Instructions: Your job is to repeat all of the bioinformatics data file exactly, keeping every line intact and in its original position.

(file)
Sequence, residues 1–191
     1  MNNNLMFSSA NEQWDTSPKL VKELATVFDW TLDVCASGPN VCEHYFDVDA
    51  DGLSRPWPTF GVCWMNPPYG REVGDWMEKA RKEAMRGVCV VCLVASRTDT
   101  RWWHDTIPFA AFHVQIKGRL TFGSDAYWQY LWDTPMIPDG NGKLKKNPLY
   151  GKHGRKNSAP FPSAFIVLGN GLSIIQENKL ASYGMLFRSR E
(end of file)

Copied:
Sequence, residues 1–191
     1  MNNNLMFSSA NEQWDTSPKL VKELATVFDW TLDVCASGPN VCEHYFDVDA
    51  DGLSRPWPTF GVCWMNPPYG REVGDWMEKA RKEAMRGVCV VCLVASRTDT
   101  RWWHDTIPFA AFHVQIKGRL TFGSDAYWQY LWDTPMIPDG NGKLKKNPLY
   151  GKHGRKNSAP FPSAFIVLGN GLSIIQENKL ASYGMLFRSR E